Market Positioning of Used Car Superstores

Independent used car “superstores” are taking a meaningful share of the retail used car market. In a concept originally pioneered by CarMax in the US, the top 11 superstores shown below could approach 5% of the entire UK used car market by 2022 and 20% of the market for <5-year cars.

Superstores enhance the customer's buying experience by upgrading the on-line and on-forecourt presentation of:

  • A large selection of "in-demand" make/models

  • Presented in reliably good “retail” condition

  • At clear low-or-no haggle pricing with available finance.

While Motorpoint arguably leads the field (putting aside behemoths Arnold Clark and Evans Halshaw), the “big” news has been the introduction of virtual models like Cinch, Cazoo and Carzam. Also, recognizing the importance of used-cars in an increasingly uncertain new-car market, franchised dealer groups are joining in by acquiring or developing their own superstore concepts.


Business Model and Market Position - At heart, the superstore concept achieves profitability through scale. Success relies on the enterprise's ability to efficiently:

  • Attract customers and facilitate their buying journey and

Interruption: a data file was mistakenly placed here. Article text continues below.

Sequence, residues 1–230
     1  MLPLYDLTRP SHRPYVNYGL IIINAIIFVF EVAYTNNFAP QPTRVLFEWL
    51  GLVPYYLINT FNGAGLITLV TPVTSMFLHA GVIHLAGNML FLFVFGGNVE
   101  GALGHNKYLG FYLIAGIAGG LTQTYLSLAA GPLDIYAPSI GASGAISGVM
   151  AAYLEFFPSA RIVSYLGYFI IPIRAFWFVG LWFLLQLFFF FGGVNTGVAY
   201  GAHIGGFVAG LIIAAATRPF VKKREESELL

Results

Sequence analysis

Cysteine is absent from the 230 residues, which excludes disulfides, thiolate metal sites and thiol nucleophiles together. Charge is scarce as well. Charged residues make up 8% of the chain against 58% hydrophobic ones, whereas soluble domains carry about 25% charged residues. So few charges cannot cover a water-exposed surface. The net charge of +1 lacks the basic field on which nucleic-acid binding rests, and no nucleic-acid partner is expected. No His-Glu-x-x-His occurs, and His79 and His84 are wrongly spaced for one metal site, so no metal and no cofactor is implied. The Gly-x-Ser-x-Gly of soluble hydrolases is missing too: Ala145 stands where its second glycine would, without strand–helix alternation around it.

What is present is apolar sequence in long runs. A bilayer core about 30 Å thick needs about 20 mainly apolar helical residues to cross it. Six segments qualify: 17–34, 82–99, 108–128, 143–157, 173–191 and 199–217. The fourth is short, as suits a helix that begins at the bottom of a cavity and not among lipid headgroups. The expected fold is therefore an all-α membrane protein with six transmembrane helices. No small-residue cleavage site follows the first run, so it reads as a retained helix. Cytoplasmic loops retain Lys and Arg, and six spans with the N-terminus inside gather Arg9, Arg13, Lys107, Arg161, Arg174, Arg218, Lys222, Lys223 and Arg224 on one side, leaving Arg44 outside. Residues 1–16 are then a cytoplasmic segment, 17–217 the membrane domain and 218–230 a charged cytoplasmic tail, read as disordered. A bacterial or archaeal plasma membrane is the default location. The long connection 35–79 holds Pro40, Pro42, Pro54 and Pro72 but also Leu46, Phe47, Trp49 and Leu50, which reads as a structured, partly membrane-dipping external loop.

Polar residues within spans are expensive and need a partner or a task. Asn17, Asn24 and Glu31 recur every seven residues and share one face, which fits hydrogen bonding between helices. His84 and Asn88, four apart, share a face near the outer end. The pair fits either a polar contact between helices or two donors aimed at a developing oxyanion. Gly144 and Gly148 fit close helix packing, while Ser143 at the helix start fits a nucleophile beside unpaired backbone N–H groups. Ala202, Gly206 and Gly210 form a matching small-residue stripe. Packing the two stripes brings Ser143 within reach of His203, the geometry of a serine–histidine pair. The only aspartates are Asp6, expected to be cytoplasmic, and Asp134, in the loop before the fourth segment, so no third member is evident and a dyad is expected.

• Secure in-demand and in-condition stock at the "stand-in" value that facilitates an attractive offer price.

Defined by their access to individual suppliers, demand from their target market or their managements’ personal taste, each superstore stakes out a unique market position.

Two retailers in particular stake out opposite extremes:

  • Motorpoint focusses on fairly young mass-market cars like Ford, Vauxhall and Volkswagen.

  • Big Motoring World (sister company of emerging virtual concept Carzam) focusses on somewhat older luxury vehicles from Audi, BMW and Mercedes-Benz.

Make/Model Mixes - A closer look at stock mix (shown below) provides even more clarity. CarShop, Cinch and Big Motoring World tend to weight their offer more towards German luxury makers (CarShop is owned by luxury franchised dealer group Sytner). In contrast, Motorpoint, Cazoo and Car Store (owned by franchised group Pendragon) weight more toward mass-market offerings from North America, Europe and Asia.

While each present their own unique mix of

  • make/models,

  • average ages and

  • average mileages,

most focus in a price range between £13,000 to £15,000 (driving a monthly payment of £250 to £300 on 60 month finance).


Conclusion - The superstore concept is still relatively new and rapidly expanding. In optimising their business model, each seeks a market position that best exploits their key resources.


From the customer's perspective, if they're looking on-line for a 12-month low mileage Ford Fiesta, they're likely to end-up at Motorpoint. Seeking a slightly older BMW? Customers will likely end-up spending time on the Cinch and Big Motoring World sites.

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Having spent a significant career in the global daily rental and leasing sector, I can't seem to put down these issues in a disrupted retail sector.

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